6. Ensure that the family and spouse is provided for during the process, however long that takes.

Isn’t that “putting asunder” the marriage?

Sometimes people become concerned that financial separation is tantamount to divorce and the ecclesia is thus “putting asunder” a marriage. This is clearly not the case. It may well be that beside financial separation there is also a literal separation and it may well be followed by divorce. But how should we look at it? On the principle of Luke 16

“He that is faithful in that which is least is faithful also in much: and he that is unjust in the least is unjust also in much.”

we could deduct that if a marriage is to be unsustainable because there has been a separation of that which is least how can it ever sustain an outcome that the parties would be heirs together of that which is greatest? Conversely, perhaps removing the angst and problem in the relationship about that which is least may well open up a marriage to address the bigger issues of developing a joint venture to see the whole family inherit eternal life.

Alternatively, if the marriage is a sham it may be irreconcilable and not a marriage that God desires to see perpetuated. He hates violence in marriage and there is no place for the mistreatment of either spouse. If there remains a sense of entitlement on the part of the abuser that this is his right, his position, his conditions and his business, it is hard to see that the grace of God has affected his heart or that this sense of entitlement wouldn’t see the echo of those plaintive cries “Lord, Lord, did we not prophesy in your name and in your name drive out demons and in your name perform many miracles?”

What about when the ecclesia can’t or won’t judge?

As mentioned earlier, there are occasions where the parties in the marriage don’t trust the ecclesia to judge, or the ecclesia cannot be led to recognize it needs to, or one or other party just will not submit to the ecclesia’s judgement for whatever reason. Does Pauls’ injunction that we should not go to law, brother against brother apply in this situation?

This question is addressed at more length in another blog article, but we put it to you that Christ was not suggesting that we should protect the wicked from the decision of the law so that under our very noses an injustice could be delivered from one of our members to another. If one of our members had a thief steal their money and called the police to help, and the police prosecuted the thief for the return of the stolen money most of us would not object on the basis that the law is there for our good. If our child was abducted I think every sane person would call on the authorities to help. We are discussing a situation where a brother is stealing (yes – stealing) what belongs to high wife (say). Half of all they have is hers in most Western countries today (in general). He might have the property in his name, or have ferreted it away someone out of sight, but the situation remains. If a sister chooses to call on the help of external mediators and then when that has failed, the authorities (including through the courts) we should support her, ensure that we do not undermine this God-provided vehicle and accept what the court decides to do. We should encourage the parties to go about it without duress and to “settle quickly whilst thou art in the way” so as to minimize the further oppression of the family resources needs being spent on lawyers and consultants rather than perhaps the children or more fruitful enterprise.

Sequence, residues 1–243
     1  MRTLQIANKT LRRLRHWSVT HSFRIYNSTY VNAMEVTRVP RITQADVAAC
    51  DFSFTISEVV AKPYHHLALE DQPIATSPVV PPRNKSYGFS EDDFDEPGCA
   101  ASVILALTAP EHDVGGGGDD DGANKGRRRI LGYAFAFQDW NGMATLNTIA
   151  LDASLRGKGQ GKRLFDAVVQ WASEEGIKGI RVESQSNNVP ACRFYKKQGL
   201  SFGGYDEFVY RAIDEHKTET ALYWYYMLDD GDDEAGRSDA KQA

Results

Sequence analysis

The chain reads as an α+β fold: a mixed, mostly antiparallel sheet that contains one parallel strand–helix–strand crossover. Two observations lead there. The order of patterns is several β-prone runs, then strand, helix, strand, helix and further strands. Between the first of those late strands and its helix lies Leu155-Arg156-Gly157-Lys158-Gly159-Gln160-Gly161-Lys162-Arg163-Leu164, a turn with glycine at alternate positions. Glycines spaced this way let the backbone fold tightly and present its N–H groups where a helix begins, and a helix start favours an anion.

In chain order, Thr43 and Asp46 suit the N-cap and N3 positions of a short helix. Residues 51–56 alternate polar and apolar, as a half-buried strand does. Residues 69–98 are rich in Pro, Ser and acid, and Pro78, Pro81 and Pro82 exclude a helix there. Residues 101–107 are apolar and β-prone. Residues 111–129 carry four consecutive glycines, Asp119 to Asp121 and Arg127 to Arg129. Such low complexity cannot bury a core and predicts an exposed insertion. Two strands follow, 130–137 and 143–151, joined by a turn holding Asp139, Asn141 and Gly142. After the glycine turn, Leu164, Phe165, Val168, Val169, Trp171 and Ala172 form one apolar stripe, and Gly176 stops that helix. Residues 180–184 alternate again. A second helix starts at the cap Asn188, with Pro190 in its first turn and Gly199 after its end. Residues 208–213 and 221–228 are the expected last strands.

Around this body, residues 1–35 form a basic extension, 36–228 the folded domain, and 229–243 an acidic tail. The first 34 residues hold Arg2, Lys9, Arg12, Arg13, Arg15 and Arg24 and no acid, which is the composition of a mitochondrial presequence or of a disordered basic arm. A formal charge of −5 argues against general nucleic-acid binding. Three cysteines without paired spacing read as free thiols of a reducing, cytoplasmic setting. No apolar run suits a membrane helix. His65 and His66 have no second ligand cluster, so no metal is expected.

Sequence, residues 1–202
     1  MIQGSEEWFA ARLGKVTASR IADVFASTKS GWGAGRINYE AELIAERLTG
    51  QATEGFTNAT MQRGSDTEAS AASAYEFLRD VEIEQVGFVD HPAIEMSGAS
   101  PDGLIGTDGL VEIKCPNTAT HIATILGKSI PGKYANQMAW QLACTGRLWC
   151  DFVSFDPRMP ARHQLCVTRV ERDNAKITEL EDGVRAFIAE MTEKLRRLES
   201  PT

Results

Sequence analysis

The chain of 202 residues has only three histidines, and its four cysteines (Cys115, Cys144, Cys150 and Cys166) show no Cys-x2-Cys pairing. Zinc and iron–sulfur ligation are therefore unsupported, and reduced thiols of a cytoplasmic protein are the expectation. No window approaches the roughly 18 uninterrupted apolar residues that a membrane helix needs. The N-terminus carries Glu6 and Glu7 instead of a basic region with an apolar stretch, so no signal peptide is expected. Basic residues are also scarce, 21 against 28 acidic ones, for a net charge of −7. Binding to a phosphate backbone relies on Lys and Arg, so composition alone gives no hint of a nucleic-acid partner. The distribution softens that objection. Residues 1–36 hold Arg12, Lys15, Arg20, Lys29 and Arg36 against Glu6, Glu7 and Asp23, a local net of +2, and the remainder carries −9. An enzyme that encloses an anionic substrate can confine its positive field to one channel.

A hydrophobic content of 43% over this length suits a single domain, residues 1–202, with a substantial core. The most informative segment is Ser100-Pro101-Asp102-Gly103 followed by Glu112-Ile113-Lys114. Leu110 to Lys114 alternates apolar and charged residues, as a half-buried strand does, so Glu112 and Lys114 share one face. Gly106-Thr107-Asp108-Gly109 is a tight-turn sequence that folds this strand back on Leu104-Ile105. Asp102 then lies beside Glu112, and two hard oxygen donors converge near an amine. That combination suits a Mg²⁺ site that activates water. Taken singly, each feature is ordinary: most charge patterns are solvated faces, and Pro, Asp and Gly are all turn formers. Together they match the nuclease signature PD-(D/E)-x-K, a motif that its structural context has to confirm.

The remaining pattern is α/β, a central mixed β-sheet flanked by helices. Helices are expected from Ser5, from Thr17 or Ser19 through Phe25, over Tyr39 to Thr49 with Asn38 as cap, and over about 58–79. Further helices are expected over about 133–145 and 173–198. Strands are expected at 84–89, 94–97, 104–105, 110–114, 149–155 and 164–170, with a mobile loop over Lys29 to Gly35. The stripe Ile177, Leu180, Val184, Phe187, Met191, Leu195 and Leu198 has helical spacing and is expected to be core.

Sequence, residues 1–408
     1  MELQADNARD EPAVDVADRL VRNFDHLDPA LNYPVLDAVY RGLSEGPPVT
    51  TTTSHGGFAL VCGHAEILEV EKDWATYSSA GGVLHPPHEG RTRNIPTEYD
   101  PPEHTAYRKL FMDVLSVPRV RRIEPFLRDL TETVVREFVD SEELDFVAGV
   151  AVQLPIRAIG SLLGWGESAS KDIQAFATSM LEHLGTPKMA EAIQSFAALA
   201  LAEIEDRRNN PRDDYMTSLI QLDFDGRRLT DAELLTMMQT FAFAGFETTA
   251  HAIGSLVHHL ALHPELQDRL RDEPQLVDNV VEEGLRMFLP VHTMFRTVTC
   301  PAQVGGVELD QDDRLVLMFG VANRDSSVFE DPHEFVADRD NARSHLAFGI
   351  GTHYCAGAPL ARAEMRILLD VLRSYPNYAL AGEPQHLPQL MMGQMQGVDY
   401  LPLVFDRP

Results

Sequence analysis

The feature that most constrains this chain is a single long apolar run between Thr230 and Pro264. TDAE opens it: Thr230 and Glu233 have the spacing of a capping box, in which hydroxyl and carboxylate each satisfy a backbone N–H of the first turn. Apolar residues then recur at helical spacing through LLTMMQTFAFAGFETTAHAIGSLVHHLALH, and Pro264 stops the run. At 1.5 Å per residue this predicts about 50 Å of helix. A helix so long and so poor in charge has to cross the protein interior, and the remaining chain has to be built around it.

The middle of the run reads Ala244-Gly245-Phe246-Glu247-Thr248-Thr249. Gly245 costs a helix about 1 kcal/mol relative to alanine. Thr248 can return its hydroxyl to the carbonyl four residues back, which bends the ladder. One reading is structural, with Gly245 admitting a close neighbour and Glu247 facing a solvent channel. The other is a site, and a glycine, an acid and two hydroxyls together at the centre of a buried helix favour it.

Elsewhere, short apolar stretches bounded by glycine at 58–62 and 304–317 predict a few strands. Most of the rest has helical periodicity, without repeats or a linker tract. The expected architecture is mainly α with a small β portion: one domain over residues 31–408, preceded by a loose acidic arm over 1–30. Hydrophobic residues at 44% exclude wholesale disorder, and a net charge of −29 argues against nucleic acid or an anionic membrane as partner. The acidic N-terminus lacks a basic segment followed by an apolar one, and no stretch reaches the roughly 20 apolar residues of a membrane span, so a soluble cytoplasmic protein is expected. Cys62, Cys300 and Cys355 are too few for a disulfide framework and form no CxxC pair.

In summary:

Economic abuse is a difficult matter for families and ecclesias to deal with. It is complex and challenging, but if we are to reflect the values of our Lord to care for the fatherless and widows and to relieve oppression, we must not turn our back on it, but be willing to put ourselves out for those in need and support them in their distress.

We must be wary of narratives that are nothing more than spiritual justifications and that sometimes enable more abuse and consign victims to lifetimes of misery. We must balance the values of our Lord and his clear direct teaching with these narratives, even when we think they are scripturally based – they may not be scripturally balanced.

Ecclesias should

  • Ensure that abusers are held accountable for providing financial resources and when unable to do that,

  • provide financial resources so that the effect of his oppressive threats is minimised

  • Confront any spiritual justifications that are used publicly or that she is willing to disclose

  • Ensure that she knows that it is wrong – not just because we are saying it is wrong, but because scripture says it is wrong

  • On request, to establish an independent panel to judge between them to avoid them needing to go to court

  • Support a sister going to court (particularly having made attempts to have him agree to a just financial settlement, or have them agree to an ecclesially-brokered judgement in the matter)

  • Engage with domestic violence counselling services which often have financial advisors

  • Contact law enforcement when needed (if she is willing but always if she is in immediate danger)

  • Be wary that we don’t use communication about financial matters in a context where there is no contact as an alternate channel for abuse, where we are employed as enablers of the abuse


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One of the most consistent questions we get asked, either specifically about a particular situation, or hypothetically about situations that may arise is how we shoud respond and what we can and shoul